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Precipitation Modulation by the Saint Lawrence River Valley in Association with Transitioning Tropical Cyclones

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  • 1 Department of Atmospheric and Oceanic Sciences, McGill University, Montreal, Quebec, Canada
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Abstract

The St. Lawrence River valley (SLRV) is an important orographic feature in eastern Canada that can affect surface wind patterns and contribute to locally higher amounts of precipitation. The impact of the SLRV on precipitation distributions associated with transitioning, or transitioned, tropical cyclones that approached the region is assessed. Such cases can result in heavy precipitation during the warm season, as during the transition of Hurricane Ike (2008). Thirty-eight tropical cyclones tracked within 500 km of the SLRV from 1979 to 2011. Utilizing the National Centers for Environmental Prediction (NCEP) North American Regional Reanalysis (NARR), 19 of the 38 cases (group A) had large values of ageostrophic frontogenesis within and parallel to the SLRV, in a region of northeasterly surface winds associated with pressure-driven wind channeling. Using composite and case analyses, results show that the heaviest precipitation is often located within the SLRV, regardless of the location of large-scale forcing for ascent, and is concomitant with ageostrophic frontogenesis. The suggested physical pathway for precipitation modulation in the SLRV is as follows. Valley-induced near-surface ageostrophic frontogenesis is due to pressure-driven wind channeling as a result of the along-valley pressure gradient [typically exceeding 0.4 hPa (100 km)−1] established by the approaching cyclone. Near-surface cold-air advection as a result of the northeasterly pressure-driven channeling results in a temperature inversion, similar to what is observed in cool-season wind-channeling cases. The ageostrophic frontogenesis, acting as a mesoscale ascent-focusing mechanism, helps air parcels to rise above the temperature inversion into a conditionally unstable atmosphere, which results in enhanced precipitation focused along the SLRV.

Supplemental information related to this paper is available at the Journals Online website: http://dx.doi.org/10.1175/WAF-D-12-00071.s1.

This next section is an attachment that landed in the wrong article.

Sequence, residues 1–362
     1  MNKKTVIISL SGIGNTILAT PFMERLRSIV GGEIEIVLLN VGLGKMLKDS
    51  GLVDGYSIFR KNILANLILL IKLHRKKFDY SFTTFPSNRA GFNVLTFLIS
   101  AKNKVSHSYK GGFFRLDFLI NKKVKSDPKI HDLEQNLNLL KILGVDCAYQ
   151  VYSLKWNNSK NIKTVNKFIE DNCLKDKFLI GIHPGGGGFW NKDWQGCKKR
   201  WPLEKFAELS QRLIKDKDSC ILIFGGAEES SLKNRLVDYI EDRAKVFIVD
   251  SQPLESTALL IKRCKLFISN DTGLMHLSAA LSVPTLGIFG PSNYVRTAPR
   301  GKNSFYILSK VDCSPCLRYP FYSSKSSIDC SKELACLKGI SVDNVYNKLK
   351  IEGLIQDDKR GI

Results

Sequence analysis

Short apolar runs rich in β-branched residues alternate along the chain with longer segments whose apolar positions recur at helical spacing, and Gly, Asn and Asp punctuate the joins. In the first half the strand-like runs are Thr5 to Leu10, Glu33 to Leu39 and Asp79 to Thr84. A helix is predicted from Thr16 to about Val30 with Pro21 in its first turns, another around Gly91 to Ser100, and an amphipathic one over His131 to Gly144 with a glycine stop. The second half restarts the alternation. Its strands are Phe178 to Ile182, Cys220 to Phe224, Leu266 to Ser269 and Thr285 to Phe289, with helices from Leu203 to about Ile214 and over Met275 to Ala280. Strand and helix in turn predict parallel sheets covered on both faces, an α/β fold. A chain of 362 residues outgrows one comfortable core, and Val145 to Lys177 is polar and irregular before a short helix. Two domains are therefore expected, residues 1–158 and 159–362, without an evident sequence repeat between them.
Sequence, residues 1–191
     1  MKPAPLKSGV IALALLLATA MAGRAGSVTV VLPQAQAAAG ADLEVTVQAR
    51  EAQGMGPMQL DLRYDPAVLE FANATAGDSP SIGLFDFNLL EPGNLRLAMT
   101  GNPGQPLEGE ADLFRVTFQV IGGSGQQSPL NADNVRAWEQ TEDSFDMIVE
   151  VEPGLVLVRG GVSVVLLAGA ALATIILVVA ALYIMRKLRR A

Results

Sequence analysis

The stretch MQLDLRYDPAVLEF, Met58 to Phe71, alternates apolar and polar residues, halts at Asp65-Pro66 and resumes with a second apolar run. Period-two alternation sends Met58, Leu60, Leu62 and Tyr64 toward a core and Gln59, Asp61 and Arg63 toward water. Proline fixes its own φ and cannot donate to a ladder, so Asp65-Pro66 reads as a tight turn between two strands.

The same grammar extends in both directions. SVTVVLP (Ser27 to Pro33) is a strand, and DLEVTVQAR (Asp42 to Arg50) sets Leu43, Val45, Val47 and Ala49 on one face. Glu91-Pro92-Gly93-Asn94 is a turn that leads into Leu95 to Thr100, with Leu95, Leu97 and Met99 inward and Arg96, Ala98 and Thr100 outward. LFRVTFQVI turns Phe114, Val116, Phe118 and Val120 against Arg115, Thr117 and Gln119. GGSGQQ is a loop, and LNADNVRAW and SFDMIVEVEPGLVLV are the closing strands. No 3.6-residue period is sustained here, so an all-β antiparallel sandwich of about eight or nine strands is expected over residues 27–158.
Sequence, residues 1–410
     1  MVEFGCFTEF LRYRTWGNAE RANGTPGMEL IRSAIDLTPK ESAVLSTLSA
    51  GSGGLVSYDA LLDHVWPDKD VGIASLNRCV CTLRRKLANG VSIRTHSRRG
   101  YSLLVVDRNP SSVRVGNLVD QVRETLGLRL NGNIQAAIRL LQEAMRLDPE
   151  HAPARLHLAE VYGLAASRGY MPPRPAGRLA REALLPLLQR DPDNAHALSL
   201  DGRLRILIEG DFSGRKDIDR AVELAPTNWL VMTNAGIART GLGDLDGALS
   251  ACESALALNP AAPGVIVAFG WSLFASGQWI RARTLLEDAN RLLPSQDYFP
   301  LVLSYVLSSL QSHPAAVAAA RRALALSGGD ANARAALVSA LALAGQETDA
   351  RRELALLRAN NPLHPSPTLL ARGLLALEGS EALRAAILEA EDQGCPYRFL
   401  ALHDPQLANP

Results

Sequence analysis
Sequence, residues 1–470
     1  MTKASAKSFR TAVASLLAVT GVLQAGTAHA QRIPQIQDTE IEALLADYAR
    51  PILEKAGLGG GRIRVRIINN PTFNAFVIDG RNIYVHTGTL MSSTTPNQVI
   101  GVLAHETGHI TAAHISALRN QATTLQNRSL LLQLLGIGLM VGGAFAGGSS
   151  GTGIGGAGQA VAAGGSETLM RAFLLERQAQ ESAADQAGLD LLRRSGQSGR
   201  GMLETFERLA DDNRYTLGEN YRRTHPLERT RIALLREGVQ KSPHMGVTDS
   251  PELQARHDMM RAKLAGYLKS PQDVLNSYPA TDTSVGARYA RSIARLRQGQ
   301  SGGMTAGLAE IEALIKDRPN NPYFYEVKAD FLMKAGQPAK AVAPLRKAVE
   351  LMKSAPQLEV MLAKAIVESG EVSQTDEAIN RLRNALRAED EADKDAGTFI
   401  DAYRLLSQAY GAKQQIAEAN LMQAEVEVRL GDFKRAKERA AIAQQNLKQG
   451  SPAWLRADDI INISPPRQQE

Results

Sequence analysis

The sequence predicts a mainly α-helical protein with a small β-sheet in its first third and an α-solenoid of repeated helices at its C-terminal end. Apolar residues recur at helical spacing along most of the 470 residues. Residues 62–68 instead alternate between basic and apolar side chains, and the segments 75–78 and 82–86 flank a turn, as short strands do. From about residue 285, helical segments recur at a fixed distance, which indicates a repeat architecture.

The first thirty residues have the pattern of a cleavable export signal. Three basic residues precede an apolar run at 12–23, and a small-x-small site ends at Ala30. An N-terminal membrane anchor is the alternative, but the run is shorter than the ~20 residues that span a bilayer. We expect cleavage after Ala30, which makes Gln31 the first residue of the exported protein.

Corresponding author address: Shawn M. Milrad, Dept. of Atmospheric and Oceanic Sciences, McGill University, 805 Sherbrooke St. W., Montreal QC H3A 2K6, Canada. E-mail: shawn.milrad@gmail.com

Abstract

The St. Lawrence River valley (SLRV) is an important orographic feature in eastern Canada that can affect surface wind patterns and contribute to locally higher amounts of precipitation. The impact of the SLRV on precipitation distributions associated with transitioning, or transitioned, tropical cyclones that approached the region is assessed. Such cases can result in heavy precipitation during the warm season, as during the transition of Hurricane Ike (2008). Thirty-eight tropical cyclones tracked within 500 km of the SLRV from 1979 to 2011. Utilizing the National Centers for Environmental Prediction (NCEP) North American Regional Reanalysis (NARR), 19 of the 38 cases (group A) had large values of ageostrophic frontogenesis within and parallel to the SLRV, in a region of northeasterly surface winds associated with pressure-driven wind channeling. Using composite and case analyses, results show that the heaviest precipitation is often located within the SLRV, regardless of the location of large-scale forcing for ascent, and is concomitant with ageostrophic frontogenesis. The suggested physical pathway for precipitation modulation in the SLRV is as follows. Valley-induced near-surface ageostrophic frontogenesis is due to pressure-driven wind channeling as a result of the along-valley pressure gradient [typically exceeding 0.4 hPa (100 km)−1] established by the approaching cyclone. Near-surface cold-air advection as a result of the northeasterly pressure-driven channeling results in a temperature inversion, similar to what is observed in cool-season wind-channeling cases. The ageostrophic frontogenesis, acting as a mesoscale ascent-focusing mechanism, helps air parcels to rise above the temperature inversion into a conditionally unstable atmosphere, which results in enhanced precipitation focused along the SLRV.

Supplemental information related to this paper is available at the Journals Online website: http://dx.doi.org/10.1175/WAF-D-12-00071.s1.

Corresponding author address: Shawn M. Milrad, Dept. of Atmospheric and Oceanic Sciences, McGill University, 805 Sherbrooke St. W., Montreal QC H3A 2K6, Canada. E-mail: shawn.milrad@gmail.com

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